About a year ago Victoria R. Bricker and Rebecca E. Hill published a really interesting article in Ethnohistory (56:2, p. 227-268). It is called Climatic signatures in Yucatecan wills and death records and it discusses wills and death records as proxy data for climate change during the Colonial period. These records help us to understand the effects of famine and epidemics caused by droughts or hurricanes on a local level. The authors focus on two towns northeast of Merida, Tekanto and Ixil, during the period 1724-1768. These towns have large surviving collections of wills and death records.
The Yucatan peninsula has a dry and a rainy season. There are two maxima during the rainy season: June and September. During El Niño years the Atlantic is colder and generates fewer hurricanes. Less precipitation results in a drought. The opposite effect occurs during La Niña years when warm waters in the Atlantic create several hurricanes. The warm waters also bring rain to sub-Saharan Africa which generates an explosion of desert locusts that soon finish off the plants in that region. In search for new food they travel on air currents to the Caribbean and the Yucatan peninsula.
Since death records peak during certain months during a famine it is necessary to understand the phases of famine in relation to climate patterns. In normal years deaths prevails during two seasons. In January and February the night temperature can be as low as 4-5 degrees Celsius. Old and weak people die from hypothermia and respiratory illnesses. In June there is another peak of mortality, just after the rainy season has begun. The rains carry bacteria from accumulated human wastes to the water table and the cenotes and wells become contaminated. People may die from dysentery at this time. In the past, before grain was imported from abroad during droughts, famines also created a third peak in mortality during July and August.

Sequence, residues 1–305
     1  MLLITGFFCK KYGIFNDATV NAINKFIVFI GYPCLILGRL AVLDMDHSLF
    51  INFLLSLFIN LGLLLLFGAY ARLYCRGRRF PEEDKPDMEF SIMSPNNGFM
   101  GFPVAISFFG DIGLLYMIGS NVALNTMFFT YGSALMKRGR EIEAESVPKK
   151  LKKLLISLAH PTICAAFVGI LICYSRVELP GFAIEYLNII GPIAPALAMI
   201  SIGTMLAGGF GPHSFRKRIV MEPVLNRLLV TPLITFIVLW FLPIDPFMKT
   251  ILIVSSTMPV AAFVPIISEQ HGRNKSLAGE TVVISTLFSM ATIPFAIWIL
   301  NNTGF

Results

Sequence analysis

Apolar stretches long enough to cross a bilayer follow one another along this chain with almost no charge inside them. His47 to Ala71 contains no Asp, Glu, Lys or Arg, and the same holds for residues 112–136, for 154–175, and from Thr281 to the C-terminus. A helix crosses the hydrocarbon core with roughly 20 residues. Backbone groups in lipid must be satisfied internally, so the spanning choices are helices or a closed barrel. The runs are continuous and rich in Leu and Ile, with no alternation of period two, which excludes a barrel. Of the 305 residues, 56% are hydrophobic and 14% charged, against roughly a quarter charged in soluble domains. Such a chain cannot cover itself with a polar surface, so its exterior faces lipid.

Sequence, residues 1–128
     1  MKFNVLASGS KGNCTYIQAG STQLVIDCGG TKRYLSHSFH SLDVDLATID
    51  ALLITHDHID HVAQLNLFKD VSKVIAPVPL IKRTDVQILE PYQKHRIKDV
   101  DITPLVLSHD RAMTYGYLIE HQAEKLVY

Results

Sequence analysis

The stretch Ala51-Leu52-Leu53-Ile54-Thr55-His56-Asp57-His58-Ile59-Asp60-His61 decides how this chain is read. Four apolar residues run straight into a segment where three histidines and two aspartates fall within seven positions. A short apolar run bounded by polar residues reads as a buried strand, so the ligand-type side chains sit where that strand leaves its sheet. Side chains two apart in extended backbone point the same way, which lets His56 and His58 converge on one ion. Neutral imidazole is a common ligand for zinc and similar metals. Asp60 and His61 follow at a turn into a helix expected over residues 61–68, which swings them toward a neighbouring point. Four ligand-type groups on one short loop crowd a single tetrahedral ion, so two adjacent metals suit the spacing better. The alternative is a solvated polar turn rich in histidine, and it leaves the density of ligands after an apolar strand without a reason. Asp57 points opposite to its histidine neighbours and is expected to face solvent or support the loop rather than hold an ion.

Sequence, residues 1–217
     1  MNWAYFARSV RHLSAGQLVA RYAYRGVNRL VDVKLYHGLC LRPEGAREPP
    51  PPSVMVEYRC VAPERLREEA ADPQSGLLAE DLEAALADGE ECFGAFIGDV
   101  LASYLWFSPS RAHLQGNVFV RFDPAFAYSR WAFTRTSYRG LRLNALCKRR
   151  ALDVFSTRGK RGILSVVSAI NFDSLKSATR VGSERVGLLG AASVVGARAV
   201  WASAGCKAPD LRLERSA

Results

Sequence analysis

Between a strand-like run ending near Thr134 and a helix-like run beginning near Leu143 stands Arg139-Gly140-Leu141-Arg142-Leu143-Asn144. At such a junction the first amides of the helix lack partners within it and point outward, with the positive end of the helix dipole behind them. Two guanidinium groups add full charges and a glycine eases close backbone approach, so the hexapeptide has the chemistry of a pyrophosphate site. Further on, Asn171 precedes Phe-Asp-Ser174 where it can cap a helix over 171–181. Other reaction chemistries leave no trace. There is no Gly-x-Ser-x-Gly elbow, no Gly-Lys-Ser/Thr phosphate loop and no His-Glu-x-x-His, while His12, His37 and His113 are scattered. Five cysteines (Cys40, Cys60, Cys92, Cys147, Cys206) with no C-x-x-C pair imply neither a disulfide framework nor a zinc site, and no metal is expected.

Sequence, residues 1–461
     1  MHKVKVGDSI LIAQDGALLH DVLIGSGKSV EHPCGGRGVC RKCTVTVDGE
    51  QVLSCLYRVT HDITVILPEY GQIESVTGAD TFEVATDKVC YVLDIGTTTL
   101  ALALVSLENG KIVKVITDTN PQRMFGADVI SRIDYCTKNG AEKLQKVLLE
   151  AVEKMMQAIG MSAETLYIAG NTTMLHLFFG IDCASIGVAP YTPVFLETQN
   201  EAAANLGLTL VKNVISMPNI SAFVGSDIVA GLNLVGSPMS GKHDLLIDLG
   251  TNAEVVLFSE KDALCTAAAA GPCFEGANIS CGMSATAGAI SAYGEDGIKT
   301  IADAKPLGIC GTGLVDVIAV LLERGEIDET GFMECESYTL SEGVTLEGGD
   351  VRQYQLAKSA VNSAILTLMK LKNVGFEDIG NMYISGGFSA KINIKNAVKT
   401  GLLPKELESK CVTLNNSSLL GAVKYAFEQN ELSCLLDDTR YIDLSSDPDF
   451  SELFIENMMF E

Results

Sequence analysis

Although the Maya wills seldom mention the cause of death they can be used to study their differential frequency over time. 373 wills from Tekanto (1724-1759) and 65 wills from Ixil (1765-1768) are being used in this study. However, the wills alone cannot be used to determine the timing and intensity of famines. This is because infants, children and some adults did not produce wills. Wills can be produced long before the death of the testator and wills are sometimes lost. Hence, the number of wills does not indicate how many people died that year. The authors use the death records from the parish registers of the Catholic Church in Merida to check on the reliability of the wills as proxies for famines. Most of the people (85% at Tekanto) left only short formulaic wills, most likely a short time before death and hence they can be used to determine the frequency of death by month.
The years of high mortality in Tekanto and Ixil were 1726, 1747, 1759, 1760 and 1767. The rains failed in 1725 and created a famine that lasted until 1727. In 1726, 74 people died in Tekanto. People died so quickly that the notaries did not have the time to write down the wills for 69 of them. Usually the number of wills and deaths in one year are in close agreement. One way to explain the paucity of wills in 1726 is that the deaths were concentrated to July (13 deaths) and August (32 deaths).
In 1747, 40 adults died as a result of a drought. In 1759 and 1760 a total of 83 people died and 51 of them were children who died during the coldest months. It is believed that there was an epidemic rather than a famine these two years. In 1765, locusts ate the harvest and in the following year a hurricane destroyed the crops. 102 people may have died in Ixil in 1765, half of them being children. In 1766 42 people died to be followed by 34 deaths in 1767. Some of the lowest mortality years (1748 and 1761) followed years of very high mortality. The preceding years killed the most vulnerable people and the survivors were more resilient.
The pattern here is that wills recording high mortality rates during the cold months indicate epidemics. Wills recording high mortality rates during the mid and late summer indicate famines caused by droughts or hurricanes. There is no detectable clustering of deaths in June when dysentery prevails today. The authors believe this has to do with the freshwater lens being thicker in the past, before modern pumping used groundwater for irrigation and industry. The lower population during Colonial times also created less human waste products to be washed into the aquifer during the early rainy season. Another pattern found in the records is that, widow and widower remarriages increased after famines and epidemics.
A word of warning for those Mayanists that quickly jump on the direct historical analogy wagon: As I have mentioned in my earlier posts on climate change in the Maya area, some researchers (primarily Richardson Gill), have projected the modern and Colonial period pattern of climate related settlement strategies during droughts to Prehispanic conditions. Indeed, old and young Prehispanic people most likely died during the cold months, locusts plagued people during the summers. Since the Prehispanic sites were larger than the Colonial ones, dysentery may have been a problem. However, Prehispanic sites lacked the overarching Colonial economic system that depleted the countryside during droughts and made the inhabitants in greater peril than during Prehispanic times.